The number of petrol stations in the U.K. has reduced over the last decades. What has caused this?

In the 90’s I managed a very busy petrol station in the middle of a city. Our turnover was just under £10 million per year (combining both wet and dry products). This was around the time that the hypermarkets and supermarkets were just starting to sell fuel.

I can remember reading the trade magazines (I didn’t buy them, they were sent to us by the fuel company – the one that put a tiger in your tank years earlier) and reading all of the jokes about the “grocers” selling fuel.

Fuel Price Wars

Trade was dropping off fast due to the “grocers” undercutting on prices, sometimes massively, yet the fuel companies did nothing about it. “Our promotion has been running for years, this will keep the loyal customers with us”, except that when the fuel in the “grocer’s” was 5p or sometimes, even more, cheaper, people would follow their wallet. It took a huge number of the smaller petrol stations going out of business for the bigger companies to wake up, in their old promotions, and then start price-matching the “grocers”. By this time, the damage was done and the rot had set in. People had become used to buying their fuel when they did their shopping. The only thing the fuel companies could do was to go into partnership.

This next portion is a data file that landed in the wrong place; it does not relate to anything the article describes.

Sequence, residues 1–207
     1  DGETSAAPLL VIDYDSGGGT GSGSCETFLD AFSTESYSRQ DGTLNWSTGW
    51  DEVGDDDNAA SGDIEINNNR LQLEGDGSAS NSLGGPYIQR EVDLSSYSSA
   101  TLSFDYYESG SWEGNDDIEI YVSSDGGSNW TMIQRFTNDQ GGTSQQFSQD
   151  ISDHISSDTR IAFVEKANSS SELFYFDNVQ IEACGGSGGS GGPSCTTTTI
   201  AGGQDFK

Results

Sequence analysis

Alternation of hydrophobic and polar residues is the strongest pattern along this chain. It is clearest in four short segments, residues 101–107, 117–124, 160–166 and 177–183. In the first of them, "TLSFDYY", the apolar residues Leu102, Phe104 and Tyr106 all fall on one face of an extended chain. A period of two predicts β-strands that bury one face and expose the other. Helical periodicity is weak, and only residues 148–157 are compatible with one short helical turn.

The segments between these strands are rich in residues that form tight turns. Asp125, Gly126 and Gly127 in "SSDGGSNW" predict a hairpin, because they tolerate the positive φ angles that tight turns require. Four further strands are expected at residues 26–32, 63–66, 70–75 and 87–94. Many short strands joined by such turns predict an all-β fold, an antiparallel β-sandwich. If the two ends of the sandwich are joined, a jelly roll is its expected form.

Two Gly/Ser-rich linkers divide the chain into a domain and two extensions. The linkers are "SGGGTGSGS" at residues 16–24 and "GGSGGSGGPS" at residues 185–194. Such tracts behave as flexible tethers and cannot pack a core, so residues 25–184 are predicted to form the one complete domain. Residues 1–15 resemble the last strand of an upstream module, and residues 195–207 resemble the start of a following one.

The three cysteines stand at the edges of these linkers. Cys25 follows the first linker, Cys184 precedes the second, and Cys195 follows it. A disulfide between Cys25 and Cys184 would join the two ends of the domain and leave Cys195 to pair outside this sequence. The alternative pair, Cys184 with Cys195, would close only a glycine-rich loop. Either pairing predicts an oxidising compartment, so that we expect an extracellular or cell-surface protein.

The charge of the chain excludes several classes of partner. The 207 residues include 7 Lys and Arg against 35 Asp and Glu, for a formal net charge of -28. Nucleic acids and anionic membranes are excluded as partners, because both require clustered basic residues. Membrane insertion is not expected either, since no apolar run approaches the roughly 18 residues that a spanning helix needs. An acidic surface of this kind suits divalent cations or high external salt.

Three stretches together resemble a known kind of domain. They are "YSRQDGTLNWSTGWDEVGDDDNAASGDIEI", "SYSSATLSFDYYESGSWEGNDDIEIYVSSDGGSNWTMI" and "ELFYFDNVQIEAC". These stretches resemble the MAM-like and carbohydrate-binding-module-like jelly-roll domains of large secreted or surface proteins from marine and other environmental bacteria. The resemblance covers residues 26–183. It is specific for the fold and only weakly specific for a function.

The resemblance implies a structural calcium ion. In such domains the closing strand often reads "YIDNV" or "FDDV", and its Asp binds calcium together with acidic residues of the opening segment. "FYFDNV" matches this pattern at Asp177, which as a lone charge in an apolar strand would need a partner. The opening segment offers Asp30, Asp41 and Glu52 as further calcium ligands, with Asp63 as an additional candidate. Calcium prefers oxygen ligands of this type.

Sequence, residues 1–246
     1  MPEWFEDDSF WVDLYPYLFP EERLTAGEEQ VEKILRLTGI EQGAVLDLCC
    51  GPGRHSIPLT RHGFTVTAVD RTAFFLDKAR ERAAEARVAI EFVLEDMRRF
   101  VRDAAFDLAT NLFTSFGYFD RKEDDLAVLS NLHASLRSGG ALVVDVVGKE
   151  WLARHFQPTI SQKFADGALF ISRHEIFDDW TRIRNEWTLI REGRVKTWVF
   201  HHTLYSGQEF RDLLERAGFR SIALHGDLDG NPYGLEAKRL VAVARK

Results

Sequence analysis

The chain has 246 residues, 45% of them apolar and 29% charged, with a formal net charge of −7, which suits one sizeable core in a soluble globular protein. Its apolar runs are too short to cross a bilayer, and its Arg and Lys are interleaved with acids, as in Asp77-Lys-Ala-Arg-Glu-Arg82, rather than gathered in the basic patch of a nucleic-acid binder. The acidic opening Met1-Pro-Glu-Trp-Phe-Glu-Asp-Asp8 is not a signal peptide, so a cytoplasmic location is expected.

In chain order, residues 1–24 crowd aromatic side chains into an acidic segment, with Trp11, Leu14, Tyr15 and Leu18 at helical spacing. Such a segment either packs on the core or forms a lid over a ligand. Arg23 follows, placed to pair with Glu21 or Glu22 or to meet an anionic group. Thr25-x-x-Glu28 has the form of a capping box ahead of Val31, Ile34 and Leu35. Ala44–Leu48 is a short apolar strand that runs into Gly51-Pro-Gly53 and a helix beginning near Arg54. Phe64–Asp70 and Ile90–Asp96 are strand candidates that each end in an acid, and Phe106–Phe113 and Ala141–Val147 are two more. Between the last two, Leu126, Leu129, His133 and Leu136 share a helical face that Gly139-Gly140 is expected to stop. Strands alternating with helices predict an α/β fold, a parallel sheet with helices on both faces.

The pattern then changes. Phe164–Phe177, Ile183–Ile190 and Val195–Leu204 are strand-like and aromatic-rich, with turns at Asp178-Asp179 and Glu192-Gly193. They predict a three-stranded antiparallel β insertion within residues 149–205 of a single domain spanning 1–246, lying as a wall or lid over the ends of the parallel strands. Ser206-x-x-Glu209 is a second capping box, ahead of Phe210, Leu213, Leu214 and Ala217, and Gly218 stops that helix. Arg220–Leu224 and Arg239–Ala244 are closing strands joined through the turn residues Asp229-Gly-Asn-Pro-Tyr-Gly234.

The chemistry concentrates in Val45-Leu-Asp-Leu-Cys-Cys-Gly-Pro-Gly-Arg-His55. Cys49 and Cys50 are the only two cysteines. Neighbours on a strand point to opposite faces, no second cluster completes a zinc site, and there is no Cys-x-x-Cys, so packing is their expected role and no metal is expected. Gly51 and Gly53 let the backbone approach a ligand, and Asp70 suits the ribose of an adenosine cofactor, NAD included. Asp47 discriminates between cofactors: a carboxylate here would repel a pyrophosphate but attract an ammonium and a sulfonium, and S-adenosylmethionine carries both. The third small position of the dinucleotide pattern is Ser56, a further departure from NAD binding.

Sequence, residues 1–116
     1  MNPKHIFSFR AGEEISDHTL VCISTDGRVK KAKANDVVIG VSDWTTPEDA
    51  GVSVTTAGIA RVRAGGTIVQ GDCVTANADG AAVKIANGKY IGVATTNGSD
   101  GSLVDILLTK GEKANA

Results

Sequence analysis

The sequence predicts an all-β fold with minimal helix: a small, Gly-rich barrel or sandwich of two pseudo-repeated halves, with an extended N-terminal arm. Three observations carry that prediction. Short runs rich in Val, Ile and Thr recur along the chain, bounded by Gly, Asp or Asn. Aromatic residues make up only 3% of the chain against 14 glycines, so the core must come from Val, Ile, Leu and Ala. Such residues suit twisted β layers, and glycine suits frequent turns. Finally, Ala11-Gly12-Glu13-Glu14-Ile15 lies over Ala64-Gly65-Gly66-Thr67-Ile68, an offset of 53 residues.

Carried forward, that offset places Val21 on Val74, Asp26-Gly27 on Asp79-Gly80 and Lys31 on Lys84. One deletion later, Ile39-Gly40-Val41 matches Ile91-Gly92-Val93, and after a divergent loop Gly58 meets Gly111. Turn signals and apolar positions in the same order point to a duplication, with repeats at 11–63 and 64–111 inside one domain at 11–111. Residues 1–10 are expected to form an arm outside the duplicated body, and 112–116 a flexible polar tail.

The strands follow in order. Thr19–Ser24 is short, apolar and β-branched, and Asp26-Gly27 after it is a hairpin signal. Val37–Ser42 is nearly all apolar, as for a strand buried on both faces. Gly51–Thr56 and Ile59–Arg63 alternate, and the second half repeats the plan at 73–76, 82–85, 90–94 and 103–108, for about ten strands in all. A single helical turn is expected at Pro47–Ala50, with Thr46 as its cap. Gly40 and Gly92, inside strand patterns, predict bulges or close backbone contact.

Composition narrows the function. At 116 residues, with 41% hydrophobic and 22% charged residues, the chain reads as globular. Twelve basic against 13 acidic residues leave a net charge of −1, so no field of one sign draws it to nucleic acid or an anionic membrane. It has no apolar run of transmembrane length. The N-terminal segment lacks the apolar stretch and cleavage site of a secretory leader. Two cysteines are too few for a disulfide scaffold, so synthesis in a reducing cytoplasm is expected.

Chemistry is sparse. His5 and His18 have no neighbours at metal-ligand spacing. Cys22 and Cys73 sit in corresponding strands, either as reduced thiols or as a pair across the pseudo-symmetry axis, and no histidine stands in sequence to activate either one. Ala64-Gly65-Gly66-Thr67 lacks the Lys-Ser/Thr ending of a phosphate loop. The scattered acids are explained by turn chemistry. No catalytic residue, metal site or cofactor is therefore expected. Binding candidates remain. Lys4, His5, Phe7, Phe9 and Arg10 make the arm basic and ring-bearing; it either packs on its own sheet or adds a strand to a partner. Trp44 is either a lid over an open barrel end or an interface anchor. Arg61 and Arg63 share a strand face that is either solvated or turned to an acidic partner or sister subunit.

This of course did not help the smaller sites as they could not use fuel as a loss-leader as many of the supermarkets were doing.

By ukpia